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    Why You Shouldn't Try To Compete When Injured

    Last updated 2 years ago

    Suffering an athletic injury can be frustrating when you want to return to your game, but it is important to give your body proper healing time to avoid future complications. Once you have sustained an injury, keep an open dialog with your orthopedic surgeon and discuss when it is appropriate to incorporate more intense physical activity back into your training. By following the suggestions of your doctor, you can avoid problems like those listed below.

    • Further injury: When an area of the body is injured, it is more likely to suffer further injury when pressure is applied through strenuous activity. You should introduce physical activity back into your routine slowly with the help of a physical therapist if the injury is severe. Once you feel comfortable with light exercise, you can start rebuilding your training regimen. Be aware that the break in your regular training activities will cause muscles to weaken, so a gradual approach is best.

    • Longer recovery time: By trying to speed up your recovery with a quick reintroduction to competition, you can actually lengthen your total recovery time. Some injuries like sprains and fractures will take weeks to fully heal, so you should be patient and get plenty of rest while recovering.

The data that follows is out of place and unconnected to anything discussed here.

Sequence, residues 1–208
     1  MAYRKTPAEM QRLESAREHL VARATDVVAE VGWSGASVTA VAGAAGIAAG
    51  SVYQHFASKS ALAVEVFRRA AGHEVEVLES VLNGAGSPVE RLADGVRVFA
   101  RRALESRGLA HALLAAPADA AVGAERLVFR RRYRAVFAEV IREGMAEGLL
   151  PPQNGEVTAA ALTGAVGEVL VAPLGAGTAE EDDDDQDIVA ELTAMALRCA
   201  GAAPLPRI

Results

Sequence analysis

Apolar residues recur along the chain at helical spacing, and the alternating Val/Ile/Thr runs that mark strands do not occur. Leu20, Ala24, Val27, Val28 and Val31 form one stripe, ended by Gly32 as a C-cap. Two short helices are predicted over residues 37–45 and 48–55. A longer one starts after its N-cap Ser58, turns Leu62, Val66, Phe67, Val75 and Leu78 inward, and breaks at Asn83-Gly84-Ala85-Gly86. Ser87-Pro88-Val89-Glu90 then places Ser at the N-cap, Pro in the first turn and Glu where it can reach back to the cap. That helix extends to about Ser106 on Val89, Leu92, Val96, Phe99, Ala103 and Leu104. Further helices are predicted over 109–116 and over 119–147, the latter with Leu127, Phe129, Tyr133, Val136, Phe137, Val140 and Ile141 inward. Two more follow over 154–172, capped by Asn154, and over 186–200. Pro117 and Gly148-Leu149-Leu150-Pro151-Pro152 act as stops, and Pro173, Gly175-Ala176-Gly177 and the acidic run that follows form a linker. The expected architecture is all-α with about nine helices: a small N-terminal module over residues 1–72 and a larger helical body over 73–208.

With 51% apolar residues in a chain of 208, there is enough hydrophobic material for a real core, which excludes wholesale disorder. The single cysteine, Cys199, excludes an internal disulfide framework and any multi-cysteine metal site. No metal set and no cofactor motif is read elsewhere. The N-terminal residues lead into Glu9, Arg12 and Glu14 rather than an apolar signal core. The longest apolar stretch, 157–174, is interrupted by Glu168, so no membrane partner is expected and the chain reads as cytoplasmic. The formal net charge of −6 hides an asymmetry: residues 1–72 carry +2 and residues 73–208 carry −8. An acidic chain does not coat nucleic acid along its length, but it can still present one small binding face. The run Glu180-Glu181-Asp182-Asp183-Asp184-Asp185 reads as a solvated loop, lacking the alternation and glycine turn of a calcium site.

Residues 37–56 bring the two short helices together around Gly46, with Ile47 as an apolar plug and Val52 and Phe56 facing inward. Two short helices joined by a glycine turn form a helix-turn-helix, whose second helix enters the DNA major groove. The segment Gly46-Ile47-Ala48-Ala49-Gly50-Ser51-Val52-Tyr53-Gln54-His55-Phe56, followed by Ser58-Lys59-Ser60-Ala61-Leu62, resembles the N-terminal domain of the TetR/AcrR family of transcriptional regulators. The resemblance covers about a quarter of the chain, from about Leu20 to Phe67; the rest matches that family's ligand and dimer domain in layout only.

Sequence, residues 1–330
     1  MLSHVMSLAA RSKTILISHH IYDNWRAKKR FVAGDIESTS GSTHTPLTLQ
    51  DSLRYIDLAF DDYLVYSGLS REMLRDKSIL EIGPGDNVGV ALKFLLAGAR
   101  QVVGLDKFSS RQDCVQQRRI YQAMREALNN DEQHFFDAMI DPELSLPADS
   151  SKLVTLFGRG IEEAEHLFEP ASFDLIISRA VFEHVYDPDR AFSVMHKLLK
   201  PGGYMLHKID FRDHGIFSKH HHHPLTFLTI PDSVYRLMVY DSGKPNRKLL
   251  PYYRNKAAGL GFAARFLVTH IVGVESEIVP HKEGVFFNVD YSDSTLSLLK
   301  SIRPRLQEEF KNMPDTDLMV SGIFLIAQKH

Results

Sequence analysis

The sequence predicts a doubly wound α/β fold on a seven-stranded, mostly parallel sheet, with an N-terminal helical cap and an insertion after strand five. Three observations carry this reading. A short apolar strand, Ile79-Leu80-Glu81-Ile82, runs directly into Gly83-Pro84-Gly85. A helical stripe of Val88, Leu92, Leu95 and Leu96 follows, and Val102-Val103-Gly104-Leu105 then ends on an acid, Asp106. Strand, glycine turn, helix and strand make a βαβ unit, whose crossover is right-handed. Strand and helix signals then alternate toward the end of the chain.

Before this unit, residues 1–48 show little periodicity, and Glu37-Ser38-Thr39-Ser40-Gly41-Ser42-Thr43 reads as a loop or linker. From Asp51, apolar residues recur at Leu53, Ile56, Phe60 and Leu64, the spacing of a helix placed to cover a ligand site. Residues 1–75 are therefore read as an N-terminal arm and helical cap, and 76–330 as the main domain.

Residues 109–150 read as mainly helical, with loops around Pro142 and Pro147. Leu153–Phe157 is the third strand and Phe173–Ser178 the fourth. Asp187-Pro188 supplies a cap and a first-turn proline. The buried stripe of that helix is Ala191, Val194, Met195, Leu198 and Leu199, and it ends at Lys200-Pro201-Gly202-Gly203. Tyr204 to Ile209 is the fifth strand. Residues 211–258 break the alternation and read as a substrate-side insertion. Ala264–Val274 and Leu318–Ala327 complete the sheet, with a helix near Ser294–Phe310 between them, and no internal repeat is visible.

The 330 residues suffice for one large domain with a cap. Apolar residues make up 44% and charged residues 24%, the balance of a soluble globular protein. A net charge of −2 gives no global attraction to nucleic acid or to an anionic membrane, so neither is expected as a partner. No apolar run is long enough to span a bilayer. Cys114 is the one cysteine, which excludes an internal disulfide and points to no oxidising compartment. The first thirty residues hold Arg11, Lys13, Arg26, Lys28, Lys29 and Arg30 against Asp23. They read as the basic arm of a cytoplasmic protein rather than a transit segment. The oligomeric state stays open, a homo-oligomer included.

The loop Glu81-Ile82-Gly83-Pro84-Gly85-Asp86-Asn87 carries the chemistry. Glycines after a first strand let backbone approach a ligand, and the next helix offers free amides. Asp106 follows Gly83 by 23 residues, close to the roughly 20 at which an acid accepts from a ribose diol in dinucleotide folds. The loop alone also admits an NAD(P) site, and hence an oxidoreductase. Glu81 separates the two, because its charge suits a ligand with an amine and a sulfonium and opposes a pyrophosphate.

• Compromised performance: Many athletes who try to hurry up their recovery and return to the field too quickly will have a harder time getting back to their best game. You may even compromise your athletic career by trying to rush into a performance by causing yourself more severe injury or injury to other areas of the body trying to compensate for the initial trauma.

    If you are an athlete who has been sidelined because of a performance injury, contact the physicians at The Orthopedic Clinic Association by calling (602) 639-4027 or visiting our website. TOCA’s staff members are specialists in sports medicine, and we can offer you the personalized care needed to restore your abilities.

    Preventing Neck Injury When Practicing Martial Arts

    Last updated 2 years ago

    The spine is one of the most common areas for athletic injuries, particularly the cervical spine in the neck.This video discusses some ways to reduce these types of injuries by strengthening the neck and stretching the muscles. Simple neck rolls offer a good way to start warming up the neck before physical activity, as they stretch the muscles and improve range of motion. These movements can be performed with resistance by pushing the hands against the head during the rolls.